Disable all preview features

America's Most Charitable Cities

Charity Navigator Study Ranks Nonprofit Sectors for 30 U.S. Cities

 
 

GLEN ROCK, N.J., June 13, 2017 – When it comes to charity, not all U.S. cities are equal, according to a newly released study conducted by Charity Navigator, America’s largest charity evaluator. The study shows that San Diego's philanthropic community leads the nation, Houston's charities raise more money, and Cleveland's charities are richer. 

In its study, Charity Navigator compared the median performance and size of the largest nonprofits in the 30 largest metropolitan markets (Atlanta, Baltimore, Boston, Chicago, Cincinnati, Cleveland, Colorado Springs, Dallas, Denver, Detroit, Houston, Indianapolis, Kansas City, Los Angeles, Miami, Milwaukee, Minneapolis/ St. Paul, Nashville, New York City, Orlando, Philadelphia, Phoenix, Pittsburgh, Portland, San Diego, San Francisco, Seattle, St. Louis, Tampa/St. Petersburg, Washington, DC).  Those markets account for 62% of the 8,219 charities evaluated by Charity Navigator.  The study revealed that regional factors, such as the cost of living, a market’s maturity and a city’s tendency to support one or two specialized causes, greatly influence the ability of the charities in each city to raise money, manage costs as well as their adherence to good governance policies and procedures. 

In terms of their overall Financial Health and commitment to Accountability & Transparency, the study’s highest rated charitable communities are:

1. San Diego 
(tied for #4 last year)

2. Houston
(#1 last year)

3. St. Louis
(#2 last year)

4. Tampa/ St. Petersburg
(#3 last year)

5. Dallas
(tied for #4 last year)               

 

“The consistent performance of charities in cities like San Diego and Houston is commendable,” said Michael Thatcher, President & CEO of Charity Navigator. “But our study reveals that it isn’t just a few philanthropic communities that standout. We’ve found that the nonprofit sector throughout America is strong and diverse - a testament to the dedication and hard work of donors and philanthropic leaders across our nation.”


Additional findings from the report include:

  • Market Size: New York City (967 large charities) and D.C. (715) are more crowded and competitive philanthropic markets than Colorado Springs (45) and Orlando (53).
  • CEO Compensation: Charity executives in D.C. ($181,488) and NYC ($176,022) earn considerably more than those in Colorado Springs ($108,229) and Seattle ($113,323).
  • Program Expenses: Orlando’s charities (85%) devote the largest percentage of their spending to their programs and services while Boston charities spend the least (79%).
  • Annual Growth: Charities in Los Angeles are more rapidly expanding their programs (6%) than charities in Indianapolis (1.8%).
  • Level of Contributions: Donors to charities in Houston ($4.3 million), D.C. ($4.0 million) and LA ($4.0 million) are especially generous as these charities report the highest median contributions in the study. Charities in Philadelphia ($2.3 million), Boston ($2.5 million) and Minneapolis /St. Paul ($2.6 million) report the lowest median contributions.
  • Financially Secure: The largest charities in St. Louis are generally richer in working capital and have lower liability to asset ratios than charities in other parts of the country, while charities in Colorado Springs are less financially secure.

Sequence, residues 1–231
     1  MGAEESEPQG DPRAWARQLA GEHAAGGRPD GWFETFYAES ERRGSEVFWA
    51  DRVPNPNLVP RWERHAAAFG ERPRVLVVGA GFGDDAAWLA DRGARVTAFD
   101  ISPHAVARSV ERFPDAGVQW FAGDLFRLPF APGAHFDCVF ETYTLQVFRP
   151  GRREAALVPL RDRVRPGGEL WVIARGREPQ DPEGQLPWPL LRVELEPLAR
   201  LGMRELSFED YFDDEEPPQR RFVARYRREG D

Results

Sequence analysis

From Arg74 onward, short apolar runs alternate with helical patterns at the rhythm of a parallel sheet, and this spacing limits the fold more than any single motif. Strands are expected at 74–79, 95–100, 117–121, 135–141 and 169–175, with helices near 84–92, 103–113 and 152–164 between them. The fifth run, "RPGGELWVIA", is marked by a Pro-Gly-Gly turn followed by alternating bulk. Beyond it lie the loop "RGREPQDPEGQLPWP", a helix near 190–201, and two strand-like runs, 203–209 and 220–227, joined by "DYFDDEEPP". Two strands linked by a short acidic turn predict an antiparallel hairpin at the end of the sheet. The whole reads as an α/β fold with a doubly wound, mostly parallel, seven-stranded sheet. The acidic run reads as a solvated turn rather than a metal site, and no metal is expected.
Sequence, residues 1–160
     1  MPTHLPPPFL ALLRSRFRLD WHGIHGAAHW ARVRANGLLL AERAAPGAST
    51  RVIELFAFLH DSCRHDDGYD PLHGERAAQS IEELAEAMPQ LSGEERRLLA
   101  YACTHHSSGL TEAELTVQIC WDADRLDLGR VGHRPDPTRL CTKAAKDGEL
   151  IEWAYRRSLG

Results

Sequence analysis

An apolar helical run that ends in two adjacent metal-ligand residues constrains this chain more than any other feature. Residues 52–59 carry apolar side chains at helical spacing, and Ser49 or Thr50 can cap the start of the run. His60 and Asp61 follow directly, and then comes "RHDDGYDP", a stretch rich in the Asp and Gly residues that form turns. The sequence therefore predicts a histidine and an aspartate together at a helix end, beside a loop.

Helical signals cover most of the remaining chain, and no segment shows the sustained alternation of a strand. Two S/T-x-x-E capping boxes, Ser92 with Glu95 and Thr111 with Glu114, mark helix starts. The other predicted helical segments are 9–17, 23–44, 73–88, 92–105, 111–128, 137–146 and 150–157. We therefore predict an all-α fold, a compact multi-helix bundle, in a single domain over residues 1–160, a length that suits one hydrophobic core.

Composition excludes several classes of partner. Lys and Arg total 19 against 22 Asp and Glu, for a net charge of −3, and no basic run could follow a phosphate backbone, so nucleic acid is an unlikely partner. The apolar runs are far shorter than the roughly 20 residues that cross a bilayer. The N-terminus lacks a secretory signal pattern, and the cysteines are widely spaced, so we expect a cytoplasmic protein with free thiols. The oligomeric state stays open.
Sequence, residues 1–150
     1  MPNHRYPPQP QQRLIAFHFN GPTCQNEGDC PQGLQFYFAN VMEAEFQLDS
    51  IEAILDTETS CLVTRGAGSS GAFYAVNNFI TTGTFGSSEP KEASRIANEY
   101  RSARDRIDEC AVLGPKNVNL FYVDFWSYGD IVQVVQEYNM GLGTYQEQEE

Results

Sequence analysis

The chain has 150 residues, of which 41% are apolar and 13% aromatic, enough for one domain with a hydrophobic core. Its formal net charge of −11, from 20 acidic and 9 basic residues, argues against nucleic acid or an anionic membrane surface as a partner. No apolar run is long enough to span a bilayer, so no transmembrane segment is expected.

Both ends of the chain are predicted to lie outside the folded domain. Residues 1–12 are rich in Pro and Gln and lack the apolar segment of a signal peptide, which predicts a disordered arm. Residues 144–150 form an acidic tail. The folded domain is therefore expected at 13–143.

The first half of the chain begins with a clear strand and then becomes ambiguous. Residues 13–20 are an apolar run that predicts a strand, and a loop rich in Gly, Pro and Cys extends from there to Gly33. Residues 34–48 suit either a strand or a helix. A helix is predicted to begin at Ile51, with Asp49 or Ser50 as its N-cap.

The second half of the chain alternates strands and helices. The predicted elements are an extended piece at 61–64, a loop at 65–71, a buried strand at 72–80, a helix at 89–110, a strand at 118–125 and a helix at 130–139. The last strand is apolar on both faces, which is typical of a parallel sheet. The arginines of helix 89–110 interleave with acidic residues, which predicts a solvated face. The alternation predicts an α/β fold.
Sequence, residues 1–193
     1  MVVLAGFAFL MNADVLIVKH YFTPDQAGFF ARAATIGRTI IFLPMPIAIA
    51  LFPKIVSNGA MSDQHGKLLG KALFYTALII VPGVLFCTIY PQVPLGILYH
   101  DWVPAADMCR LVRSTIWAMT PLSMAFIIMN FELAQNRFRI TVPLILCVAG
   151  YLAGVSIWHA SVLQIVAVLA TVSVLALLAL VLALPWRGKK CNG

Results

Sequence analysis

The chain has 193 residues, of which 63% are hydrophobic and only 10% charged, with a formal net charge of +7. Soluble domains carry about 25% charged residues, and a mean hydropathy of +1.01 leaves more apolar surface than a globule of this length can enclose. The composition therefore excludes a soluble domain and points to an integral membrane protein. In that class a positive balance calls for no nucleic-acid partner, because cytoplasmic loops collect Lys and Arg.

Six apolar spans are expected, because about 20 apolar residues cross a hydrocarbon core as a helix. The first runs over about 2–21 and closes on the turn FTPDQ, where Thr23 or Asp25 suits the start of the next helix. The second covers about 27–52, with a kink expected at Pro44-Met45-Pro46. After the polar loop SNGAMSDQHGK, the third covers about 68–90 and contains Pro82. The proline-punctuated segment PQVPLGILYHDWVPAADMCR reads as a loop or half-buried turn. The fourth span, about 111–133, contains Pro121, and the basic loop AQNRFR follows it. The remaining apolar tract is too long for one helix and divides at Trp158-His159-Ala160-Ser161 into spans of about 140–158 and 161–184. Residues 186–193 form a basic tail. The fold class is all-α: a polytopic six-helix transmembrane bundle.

• Accountability & Transparency: Charities in Houston, Phoenix, San Diego, Portland, Kansas City, and Tampa/St. Petersburg earn the highest scores for their commitment to being accountable and transparent while charities in Nashville, Cincinnati, Pittsburgh, and Cleveland score the lowest.
  • Financial Health: The largest charities in Cleveland earn higher scores for their overall financial health than those in Colorado Springs.
  • Donor Privacy Policy: Phoenix (59%) has the highest percentage of charities with written donor privacy policies (stating that the charity will not sell, trade or share its donors’ personal information with anyone else, nor send mailings on behalf of other organizations);  Cleveland (29%) has the lowest percentage of charities with such policies.
  • Types of Charities: Tampa/St. Petersburg has more Animal (11%) and Health (19%) charities, Cincinnati has more Arts, Culture and Humanities (23%) charities, Cleveland has more Community Development (19%) charities, Indianapolis has more Education (12%) charities, San Francisco has more Environment (11%) charities, D.C. has more Human & Civil Rights (16%) and Research & Public Policy (11%) charities, St. Louis has more Human Services (46%) charities, Colorado Springs has more International (20%) and Religion (36%) charities than the other cities in the study.


Visit our site for a complete list of results by city as well as a slideshow of the top 10 markets.

About Charity Navigator
Charity Navigator is the largest expert charity evaluator in America. The organization makes philanthropy easier for all. It does this by providing data on 1.7 million nonprofits and in-depth analysis of over 8,500 charities. More than 7 million people - including donors, nonprofit leaders, researchers, the media, and policymakers - access Charity Navigator’s free tools and evaluations annually. Charity Navigator, a 501 (c) (3) public charity itself, depends on support from individuals, corporations, and foundations that believe it provides a much-needed service to America's nonprofit sector. To learn more, visit www.charitynavigator.org.

Media Contact

Sandra Miniutti

201.818.1288 x105 | media@charitynavigator.org 

 

Join Our Mailing List

Join over 400,000 other informed givers and get updates on charity ratings, new features, hot topics, and tips for donating.